How to use design strengths to your advantage

When is a design flawed? Most of the time is when there’s too much or not enough going on: there are a lot of elements you can use, but knowing which elements to use, when, and how much, becomes a problem.

The different elements at your disposal

There are a lot of different outlets of web design that designers can use: deciding between them really boils down to the understanding of the style, effect and tone of each element and how they relate to the core ideas behind the website.

Photography

A well-composed photograph situated in just the right area of a website can really make a design shine. Take the art blog ThisIsColossal as an example:

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The header relies almost exclusively on the photograph, which effectively anchors the rest of the page with the addition of a nice text and logo that supplies an elegant contrast to the design.

Sketches

For a while sketches were huge in web design, providing a well needed relief from the standard solid colour of most web designs; now they are a bit more common, but they still work very well depending on the type of site you have and the aesthetic you’re aiming for, usually giving an informal feel to a design.

Kunal Chhajer’s portfolio is a clear example of sketches incorporation into design.

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You can see how it presents a good mixture of script and non script fonts with sketch graphics and photography: some textures stand out while others blend, so texture is often misused or incohesive. Mel Kadel’s portfolio provides a clear example of the use of a texture that pops:

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Watercolours give a wealth of texture to a design because their consistence is uneven and the can easily reveal the texture of the paper itself: the pattern and links are all very straightforward and careful to not overload the viewer.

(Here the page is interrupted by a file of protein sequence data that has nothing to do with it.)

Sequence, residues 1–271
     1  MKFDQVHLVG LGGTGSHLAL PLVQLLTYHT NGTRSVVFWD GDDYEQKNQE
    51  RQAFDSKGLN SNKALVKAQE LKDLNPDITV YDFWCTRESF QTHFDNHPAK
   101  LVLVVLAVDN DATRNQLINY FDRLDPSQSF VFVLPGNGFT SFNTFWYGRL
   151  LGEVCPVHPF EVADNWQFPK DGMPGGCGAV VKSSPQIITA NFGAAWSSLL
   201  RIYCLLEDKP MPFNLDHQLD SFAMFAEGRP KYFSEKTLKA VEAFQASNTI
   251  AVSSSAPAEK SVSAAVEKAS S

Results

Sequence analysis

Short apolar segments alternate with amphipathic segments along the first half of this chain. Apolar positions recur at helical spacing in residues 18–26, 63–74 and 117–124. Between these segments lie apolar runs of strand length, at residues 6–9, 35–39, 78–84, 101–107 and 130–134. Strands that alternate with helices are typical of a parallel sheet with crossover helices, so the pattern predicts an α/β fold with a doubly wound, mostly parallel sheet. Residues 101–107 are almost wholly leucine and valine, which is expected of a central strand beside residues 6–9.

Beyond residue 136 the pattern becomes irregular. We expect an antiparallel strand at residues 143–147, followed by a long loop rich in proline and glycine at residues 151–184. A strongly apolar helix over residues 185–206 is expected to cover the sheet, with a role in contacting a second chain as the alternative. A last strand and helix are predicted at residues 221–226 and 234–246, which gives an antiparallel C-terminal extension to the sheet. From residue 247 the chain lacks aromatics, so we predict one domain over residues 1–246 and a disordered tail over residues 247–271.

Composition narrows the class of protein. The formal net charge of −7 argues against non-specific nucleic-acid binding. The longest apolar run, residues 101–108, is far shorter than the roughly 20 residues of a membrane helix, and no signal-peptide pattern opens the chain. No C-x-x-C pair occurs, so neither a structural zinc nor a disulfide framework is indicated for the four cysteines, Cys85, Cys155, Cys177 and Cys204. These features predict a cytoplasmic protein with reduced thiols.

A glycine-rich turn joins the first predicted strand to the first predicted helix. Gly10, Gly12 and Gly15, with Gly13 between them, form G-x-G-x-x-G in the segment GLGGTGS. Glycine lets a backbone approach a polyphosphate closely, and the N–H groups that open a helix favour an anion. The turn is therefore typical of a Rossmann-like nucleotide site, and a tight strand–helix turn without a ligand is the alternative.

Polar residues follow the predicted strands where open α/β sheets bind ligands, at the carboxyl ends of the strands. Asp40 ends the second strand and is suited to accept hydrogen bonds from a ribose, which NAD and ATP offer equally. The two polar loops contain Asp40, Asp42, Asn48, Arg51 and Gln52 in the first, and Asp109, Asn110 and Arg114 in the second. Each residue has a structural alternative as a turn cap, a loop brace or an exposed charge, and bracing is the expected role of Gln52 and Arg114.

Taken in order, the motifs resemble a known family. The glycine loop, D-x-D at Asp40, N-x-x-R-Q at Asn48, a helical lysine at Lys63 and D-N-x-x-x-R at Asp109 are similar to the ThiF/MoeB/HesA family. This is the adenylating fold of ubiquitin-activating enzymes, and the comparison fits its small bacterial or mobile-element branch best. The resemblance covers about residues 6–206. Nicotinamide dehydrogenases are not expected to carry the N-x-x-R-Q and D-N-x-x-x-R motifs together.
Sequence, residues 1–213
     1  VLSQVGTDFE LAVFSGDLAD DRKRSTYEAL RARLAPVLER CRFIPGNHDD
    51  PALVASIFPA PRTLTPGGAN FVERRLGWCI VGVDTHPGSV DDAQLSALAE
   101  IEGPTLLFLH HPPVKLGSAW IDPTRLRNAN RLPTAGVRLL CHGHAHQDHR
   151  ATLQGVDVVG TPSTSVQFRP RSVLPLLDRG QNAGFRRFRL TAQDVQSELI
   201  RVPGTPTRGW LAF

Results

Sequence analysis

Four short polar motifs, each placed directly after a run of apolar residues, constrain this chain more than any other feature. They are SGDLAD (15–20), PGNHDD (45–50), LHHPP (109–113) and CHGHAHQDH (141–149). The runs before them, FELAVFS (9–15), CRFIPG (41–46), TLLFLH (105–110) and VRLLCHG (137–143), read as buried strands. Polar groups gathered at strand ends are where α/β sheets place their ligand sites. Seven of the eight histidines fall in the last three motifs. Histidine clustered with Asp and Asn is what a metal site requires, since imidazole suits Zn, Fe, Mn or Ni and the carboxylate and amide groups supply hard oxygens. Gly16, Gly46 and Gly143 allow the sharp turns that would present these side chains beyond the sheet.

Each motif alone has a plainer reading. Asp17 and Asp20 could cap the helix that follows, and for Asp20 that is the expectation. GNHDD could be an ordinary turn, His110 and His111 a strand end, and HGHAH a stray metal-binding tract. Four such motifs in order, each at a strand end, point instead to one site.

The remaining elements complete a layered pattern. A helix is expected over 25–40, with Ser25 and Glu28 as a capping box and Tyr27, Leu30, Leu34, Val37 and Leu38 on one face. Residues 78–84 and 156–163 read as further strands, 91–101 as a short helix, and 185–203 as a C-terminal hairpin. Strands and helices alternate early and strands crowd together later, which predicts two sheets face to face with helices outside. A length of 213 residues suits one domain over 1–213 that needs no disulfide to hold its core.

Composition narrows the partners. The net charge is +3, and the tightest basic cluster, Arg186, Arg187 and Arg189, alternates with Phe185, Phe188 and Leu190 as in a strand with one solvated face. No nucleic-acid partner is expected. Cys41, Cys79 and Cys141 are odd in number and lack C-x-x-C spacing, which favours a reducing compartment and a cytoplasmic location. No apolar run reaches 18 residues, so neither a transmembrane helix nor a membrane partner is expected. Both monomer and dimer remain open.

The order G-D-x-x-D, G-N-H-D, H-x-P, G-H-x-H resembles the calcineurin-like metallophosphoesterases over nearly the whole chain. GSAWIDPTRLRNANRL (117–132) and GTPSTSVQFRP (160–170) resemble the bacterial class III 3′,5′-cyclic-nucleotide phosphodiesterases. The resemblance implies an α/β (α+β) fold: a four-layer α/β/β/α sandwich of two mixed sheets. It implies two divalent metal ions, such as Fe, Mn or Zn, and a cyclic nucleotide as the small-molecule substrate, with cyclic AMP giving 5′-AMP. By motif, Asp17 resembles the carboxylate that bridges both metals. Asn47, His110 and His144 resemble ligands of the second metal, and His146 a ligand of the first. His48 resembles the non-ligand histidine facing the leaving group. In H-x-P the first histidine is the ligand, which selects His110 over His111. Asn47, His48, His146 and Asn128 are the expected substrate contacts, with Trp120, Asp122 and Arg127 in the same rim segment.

Detailed typography

The type of fonts you have at your disposal is something to be aware of: some designers will even scan their own script to incorporate into a site. The best advice is to use a typeface that is in line with your site and design concept. Kuba Dabrowksi’s photography portfolio is a great example of how to use typography in design.

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Photography portfolios typically are drawn to creative or experimental typeface choices. Because most of the site is images, the typography can be a bit more ostentatious.

Clean, minimalist

Sometimes the most effective and understandable sites are the ones that don’t confuse the brand or get in the way of content. Brilliant design details and effects can be exciting and showy, but most sites just need a design that doesn’t overpower their message.

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Postmachina is a design company with a clear and direct website: the front page is all monochrome, just black, white and shades of grey. Given that the site effectively uses shades and space, differences in texture or colour between the two columns of content.

Incorporating elements into your own design

A pivotal step is deciding whether the site you’re creating is intended to have a loud, showy design or a modest one: regardless, the best course is to start with a minimal design (if the client wants more flare, you can always add some texture or experiment with fonts) because it’s much more difficult to strip ideas from a working design than it is to add ideas to one.

 

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